A fee increase of $104 went into effect for Summer 2005 students in an effort to generate and balance revenue for Associated Students, the University Student Union, and the Klotz Student Health Center.
Following a December 2004 recommendation from the Fee Advisory Committee, President Jolene Koester approved the new fees as a one-time cost for all summer students, regardless of how many sessions they take.
A.S. fees rose from $1 to $41, U.S.U. fees rose from $10 to $64, and Student Health Center fees rose from $8 to $18.
The new summer fee structure mandates that summer students pay 60 percent of the total amount of A.S., U.S.U. and Student Health Center fees during the semester previous, in this case Spring 2005.
The Fee Advisory Committee conducts reviews of all university-based student fees and issues recommendations to President Koester.
“I have been here since 1993 and the (A.S., U.S.U. and Health Center) summer fees have not been increased since at least that time,” said Debra Hammond, executive director of the U.S.U. “The fee was not previously increased because we were trying to be sensitive to other fee increases (U.S.U. renovation fees, state fee increases, etc.), but this is no longer feasible.”
The fees have increased because the U.S.U. is unable to sustain the current level of services during the summer months. In previous years, the fees generated by the fall and spring semesters had subsidized summer term, Hammond said.
“Utilities such as gas, electricity, water, etc., for the U.S.U. average about $36,000 per month (and) about $108,000 for the summer,” Hammond said. “Based on the previous $10 student union fee, multiplied by 7,000 students, the U.S.U. only generated $70,000 for (the) summer. This amount did not cover the utilities bill, nor any other operations or services such as student and staff salaries, etc.”
The $64 students now pay to the U.S.U. go toward general operations, student and staff salaries, and services that both the U.S.U. and the Satellite Student Union provide.
“The Student Union is open to everyone,” said Bobby Rodgers, chair of the U.S.U. Board of Directors. “Someone doesn’t have to be a CSUN student to use it. The services are available to everyone in the CSUN community year-round.”
Some of the services that are offered during the summer are air-conditioned meeting rooms and computer labs. For the most part, these are the same services that are offered during the fall and spring semesters, with some exceptions.
For instance, operating hours have been reduced, the U.S.U. Games Room is not open, and off-campus trips, special events and free movies are not offered.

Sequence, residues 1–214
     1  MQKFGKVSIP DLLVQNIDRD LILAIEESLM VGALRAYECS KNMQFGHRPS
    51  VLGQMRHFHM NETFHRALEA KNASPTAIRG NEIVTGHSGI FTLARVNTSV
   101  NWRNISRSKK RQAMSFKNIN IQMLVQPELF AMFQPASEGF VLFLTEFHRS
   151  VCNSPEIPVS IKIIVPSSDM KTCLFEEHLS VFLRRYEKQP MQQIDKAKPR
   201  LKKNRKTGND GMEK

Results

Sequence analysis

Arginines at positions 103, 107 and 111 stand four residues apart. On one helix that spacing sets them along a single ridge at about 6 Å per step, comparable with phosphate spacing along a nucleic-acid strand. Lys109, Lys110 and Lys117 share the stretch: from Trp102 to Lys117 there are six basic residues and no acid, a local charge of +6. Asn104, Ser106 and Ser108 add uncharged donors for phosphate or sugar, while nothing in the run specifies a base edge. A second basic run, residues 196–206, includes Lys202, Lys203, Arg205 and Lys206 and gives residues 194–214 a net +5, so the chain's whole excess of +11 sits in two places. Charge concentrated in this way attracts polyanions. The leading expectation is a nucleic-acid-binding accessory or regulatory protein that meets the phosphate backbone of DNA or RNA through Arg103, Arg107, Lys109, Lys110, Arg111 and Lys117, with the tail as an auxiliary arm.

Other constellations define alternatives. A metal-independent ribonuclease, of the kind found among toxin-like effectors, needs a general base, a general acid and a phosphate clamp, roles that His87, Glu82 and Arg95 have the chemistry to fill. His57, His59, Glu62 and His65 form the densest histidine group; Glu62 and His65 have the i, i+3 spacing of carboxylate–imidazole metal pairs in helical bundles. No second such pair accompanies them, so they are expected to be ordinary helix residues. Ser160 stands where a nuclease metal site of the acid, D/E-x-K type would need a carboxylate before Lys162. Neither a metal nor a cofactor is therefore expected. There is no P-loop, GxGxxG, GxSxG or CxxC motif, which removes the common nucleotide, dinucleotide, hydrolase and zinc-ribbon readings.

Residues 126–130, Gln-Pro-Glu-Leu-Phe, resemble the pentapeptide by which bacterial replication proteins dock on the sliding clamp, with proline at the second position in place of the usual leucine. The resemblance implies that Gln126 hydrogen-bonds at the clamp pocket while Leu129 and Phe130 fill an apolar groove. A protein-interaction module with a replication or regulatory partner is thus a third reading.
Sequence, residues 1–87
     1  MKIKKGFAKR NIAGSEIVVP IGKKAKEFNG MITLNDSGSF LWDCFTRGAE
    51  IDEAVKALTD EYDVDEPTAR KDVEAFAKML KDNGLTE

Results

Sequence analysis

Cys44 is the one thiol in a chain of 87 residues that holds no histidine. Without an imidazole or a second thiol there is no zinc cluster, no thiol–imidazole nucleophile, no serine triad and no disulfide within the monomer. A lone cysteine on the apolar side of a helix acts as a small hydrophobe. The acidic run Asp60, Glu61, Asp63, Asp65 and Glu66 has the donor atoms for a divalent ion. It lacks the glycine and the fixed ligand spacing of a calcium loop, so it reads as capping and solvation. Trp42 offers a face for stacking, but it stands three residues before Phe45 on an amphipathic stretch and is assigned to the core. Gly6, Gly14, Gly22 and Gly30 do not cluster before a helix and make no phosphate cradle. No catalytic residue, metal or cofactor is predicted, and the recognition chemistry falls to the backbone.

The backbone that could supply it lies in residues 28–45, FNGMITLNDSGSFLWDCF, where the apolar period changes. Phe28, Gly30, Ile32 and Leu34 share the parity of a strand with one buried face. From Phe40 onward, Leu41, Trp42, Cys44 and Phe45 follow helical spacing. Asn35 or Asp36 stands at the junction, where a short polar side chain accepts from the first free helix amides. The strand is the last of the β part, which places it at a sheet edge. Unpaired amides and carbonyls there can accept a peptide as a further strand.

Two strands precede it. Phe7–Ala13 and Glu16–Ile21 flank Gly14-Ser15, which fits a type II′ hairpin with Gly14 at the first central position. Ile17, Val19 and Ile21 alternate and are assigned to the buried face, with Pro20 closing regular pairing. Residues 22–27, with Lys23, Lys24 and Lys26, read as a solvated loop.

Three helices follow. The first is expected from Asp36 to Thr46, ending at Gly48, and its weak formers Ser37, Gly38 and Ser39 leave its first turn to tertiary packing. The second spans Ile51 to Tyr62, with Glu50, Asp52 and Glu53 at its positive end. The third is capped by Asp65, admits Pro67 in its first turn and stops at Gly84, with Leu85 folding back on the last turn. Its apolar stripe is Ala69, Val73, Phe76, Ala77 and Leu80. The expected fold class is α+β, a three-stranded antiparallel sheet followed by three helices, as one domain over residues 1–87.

“In the future, (in) Summer 2006, we plan to offer some student programs,” Hammond said.
Students in the fall and spring will continue to contribute some of their fees to the operation of the U.S.U. and S.S.U. during the summer, but the subsidy won’t be as large, Hammond said.
“The reserves were being depleted,” Rodgers said. “There is less money for programs and the same number of services.”
“I believe the intent of the fee increases during the summer months were specifically for summer students,” said A.S. President Chad Charton. “They, quite simply, are more likely to utilize student services while actively enrolled in the academic (summer) term.”
The $41 paid to A.S. supports the same services that are provided during the fall and spring semesters, such as public safety programs like the Matador Patrol and math and science retention centers, Charton said.
Though this summer has not seen the development of many new summer A.S. programs, A.S. plans on sponsoring concerts and supporting clubs and organizations during future summer terms.
“We have every intention of enhancing those very same programs and services during the summer months, with particular reference to (Student Productions and Campus Entertainment),” Charton said. “Proactive student programming of this scope is not a summer norm.”
Student Health Center fees have also increased, and the facility provides the same services during the summer as it does during the fall and spring semesters. Student Health Center services are available at little or no cost above the one-time fee.
“I don’t mind paying the extra fees, because (if) it can help the person with no benefits, what’s $18?” Rodgers said.